NFC Readers are often used in Access Control, to allow people into buildings or facilities without the need for a NFC Readers keycard or other credentials. In these applications, the NFC reader communicates with a central system that manages permissions and logs access events. These systems can also be integrated into existing security systems, making them more effective and efficient.

The NFC reader can communicate directly with the central management system via TCP/IP, removing the need for a separate control panel, wall box and power supply reducing component count and bespoke cabling requirements. It can also be remotely updated with new firmware and support multiple smart card formats, avoiding single supplier dependence.

When a user places their smartphone or NFC-enabled device in range of the reader, a communication channel is established and data transactions take place. The information encoded on the tag is verified by the NFC reader, and a decision is made to grant or deny access.

NFC technology enables users to access facilities with their mobile devices rather than a traditional keycard, increasing convenience and usability. This can reduce the need to replace lost cards and cut administration costs associated with distributing and updating cards. Furthermore, users tend to be more careful with their phones than their access cards, so are less likely to lose them or forget to bring them along.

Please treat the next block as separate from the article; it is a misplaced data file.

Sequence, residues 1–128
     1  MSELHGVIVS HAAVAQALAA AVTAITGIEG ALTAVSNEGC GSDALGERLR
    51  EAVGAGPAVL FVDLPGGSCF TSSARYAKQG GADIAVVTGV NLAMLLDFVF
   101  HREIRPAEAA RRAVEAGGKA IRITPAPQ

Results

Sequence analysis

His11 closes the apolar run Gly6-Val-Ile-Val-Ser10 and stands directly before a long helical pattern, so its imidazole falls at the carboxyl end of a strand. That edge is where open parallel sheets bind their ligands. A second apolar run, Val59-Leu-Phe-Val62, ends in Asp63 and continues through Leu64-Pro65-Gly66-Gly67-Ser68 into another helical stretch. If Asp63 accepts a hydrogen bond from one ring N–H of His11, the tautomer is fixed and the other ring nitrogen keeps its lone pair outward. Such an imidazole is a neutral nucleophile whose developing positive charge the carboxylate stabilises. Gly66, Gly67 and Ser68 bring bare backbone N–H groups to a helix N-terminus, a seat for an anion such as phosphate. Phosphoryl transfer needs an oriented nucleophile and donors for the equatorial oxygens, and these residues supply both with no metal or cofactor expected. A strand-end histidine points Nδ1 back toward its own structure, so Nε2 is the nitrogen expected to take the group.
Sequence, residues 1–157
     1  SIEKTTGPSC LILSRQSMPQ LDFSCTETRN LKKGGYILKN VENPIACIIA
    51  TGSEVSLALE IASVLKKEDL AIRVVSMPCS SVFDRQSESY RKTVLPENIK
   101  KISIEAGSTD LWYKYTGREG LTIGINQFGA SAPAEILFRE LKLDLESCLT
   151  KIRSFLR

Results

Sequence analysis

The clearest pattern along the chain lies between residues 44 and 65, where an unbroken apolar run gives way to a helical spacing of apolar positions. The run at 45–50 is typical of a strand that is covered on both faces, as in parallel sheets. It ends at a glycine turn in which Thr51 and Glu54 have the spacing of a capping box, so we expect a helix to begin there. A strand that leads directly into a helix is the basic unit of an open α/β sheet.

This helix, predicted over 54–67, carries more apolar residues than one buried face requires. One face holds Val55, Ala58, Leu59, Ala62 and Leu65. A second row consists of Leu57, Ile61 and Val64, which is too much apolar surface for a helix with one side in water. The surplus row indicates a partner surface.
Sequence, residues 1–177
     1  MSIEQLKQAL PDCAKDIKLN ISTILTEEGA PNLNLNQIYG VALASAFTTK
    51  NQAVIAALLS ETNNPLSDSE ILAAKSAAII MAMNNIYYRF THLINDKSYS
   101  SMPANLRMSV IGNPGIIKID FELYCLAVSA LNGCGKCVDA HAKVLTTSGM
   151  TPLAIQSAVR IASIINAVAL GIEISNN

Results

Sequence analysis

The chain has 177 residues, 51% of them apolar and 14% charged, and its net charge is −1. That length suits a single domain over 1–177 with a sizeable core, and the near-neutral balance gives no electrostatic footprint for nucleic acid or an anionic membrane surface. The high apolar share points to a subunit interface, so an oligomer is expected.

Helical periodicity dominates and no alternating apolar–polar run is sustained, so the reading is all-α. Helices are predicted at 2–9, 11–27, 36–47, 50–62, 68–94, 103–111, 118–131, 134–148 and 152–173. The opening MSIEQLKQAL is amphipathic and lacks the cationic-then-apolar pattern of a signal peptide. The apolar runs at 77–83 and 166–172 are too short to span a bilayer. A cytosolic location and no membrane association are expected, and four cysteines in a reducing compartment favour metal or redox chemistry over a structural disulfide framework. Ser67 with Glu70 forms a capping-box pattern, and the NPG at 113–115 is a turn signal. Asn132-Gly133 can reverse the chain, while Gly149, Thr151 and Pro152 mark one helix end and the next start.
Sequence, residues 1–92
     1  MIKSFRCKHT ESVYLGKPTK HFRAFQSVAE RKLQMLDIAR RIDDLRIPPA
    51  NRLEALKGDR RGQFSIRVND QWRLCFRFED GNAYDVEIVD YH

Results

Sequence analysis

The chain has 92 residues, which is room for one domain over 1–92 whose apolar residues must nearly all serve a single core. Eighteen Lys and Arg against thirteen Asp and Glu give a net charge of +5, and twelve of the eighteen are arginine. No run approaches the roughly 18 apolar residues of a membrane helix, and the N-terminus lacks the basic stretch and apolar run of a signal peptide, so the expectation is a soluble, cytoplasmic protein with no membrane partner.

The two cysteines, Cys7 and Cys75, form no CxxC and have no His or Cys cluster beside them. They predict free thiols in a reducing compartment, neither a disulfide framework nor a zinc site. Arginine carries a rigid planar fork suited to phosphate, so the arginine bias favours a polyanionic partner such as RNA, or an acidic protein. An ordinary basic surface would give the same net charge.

The RFID tag itself is a microchip (an integrated circuit, or IC) with a small antenna. The tag also contains a battery or other power source. Whether the chip is active, passive, or semi-passive, determines how it uses radio waves to communicate with the reader. The IC in the tag has a logic unit and memory to store information. It can also monitor conditions such as moisture and fill levels in bottles, containers or other packaging.